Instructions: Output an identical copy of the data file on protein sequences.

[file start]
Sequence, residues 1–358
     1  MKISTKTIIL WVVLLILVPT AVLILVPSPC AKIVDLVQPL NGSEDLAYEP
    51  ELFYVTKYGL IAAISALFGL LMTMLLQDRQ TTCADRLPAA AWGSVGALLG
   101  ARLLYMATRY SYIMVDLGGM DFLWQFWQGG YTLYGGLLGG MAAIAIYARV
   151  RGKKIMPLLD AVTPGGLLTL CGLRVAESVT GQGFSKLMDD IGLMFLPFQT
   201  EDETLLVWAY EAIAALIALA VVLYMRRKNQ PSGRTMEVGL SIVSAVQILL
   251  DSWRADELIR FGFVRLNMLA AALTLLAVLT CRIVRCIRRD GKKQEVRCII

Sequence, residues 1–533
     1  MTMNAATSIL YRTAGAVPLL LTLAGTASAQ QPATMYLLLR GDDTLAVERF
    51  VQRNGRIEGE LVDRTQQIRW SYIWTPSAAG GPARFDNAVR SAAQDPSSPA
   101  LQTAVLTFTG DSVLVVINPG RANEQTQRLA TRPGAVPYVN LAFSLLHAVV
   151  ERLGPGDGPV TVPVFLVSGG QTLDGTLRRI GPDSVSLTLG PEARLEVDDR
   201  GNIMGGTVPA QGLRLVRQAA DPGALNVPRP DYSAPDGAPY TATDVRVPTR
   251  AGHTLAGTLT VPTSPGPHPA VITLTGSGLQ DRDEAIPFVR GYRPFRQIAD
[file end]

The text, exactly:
Sequence, residues 1–358
     1  MKISTKTIIL WVVLLILVPT AVLILVPSPC AKIVDLVQPL NGSEDLAYEP
    51  ELFYVTKYGL IAAISALFGL LMTMLLQDRQ TTCADRLPAA AWGSVGALLG
   101  ARLLYMATRY SYIMVDLGGM DFLWQFWQGG YTLYGGLLGG MAAIAIYARV
   151  RGKKIMPLLD AVTPGGLLTL CGLRVAESVT GQGFSKLMDD IGLMFLPFQT
   201  EDETLLVWAY EAIAALIALA VVLYMRRKNQ PSGRTMEVGL SIVSAVQILL
   251  DSWRADELIR FGFVRLNMLA AALTLLAVLT CRIVRCIRRD GKKQEVRCII

Sequence, residues 1–533
     1  MTMNAATSIL YRTAGAVPLL LTLAGTASAQ QPATMYLLLR GDDTLAVERF
    51  VQRNGRIEGE LVDRTQQIRW SYIWTPSAAG GPARFDNAVR SAAQDPSSPA
   101  LQTAVLTFTG DSVLVVINPG RANEQTQRLA TRPGAVPYVN LAFSLLHAVV
   151  ERLGPGDGPV TVPVFLVSGG QTLDGTLRRI GPDSVSLTLG PEARLEVDDR
   201  GNIMGGTVPA QGLRLVRQAA DPGALNVPRP DYSAPDGAPY TATDVRVPTR
   251  AGHTLAGTLT VPTSPGPHPA VITLTGSGLQ DRDEAIPFVR GYRPFRQIAD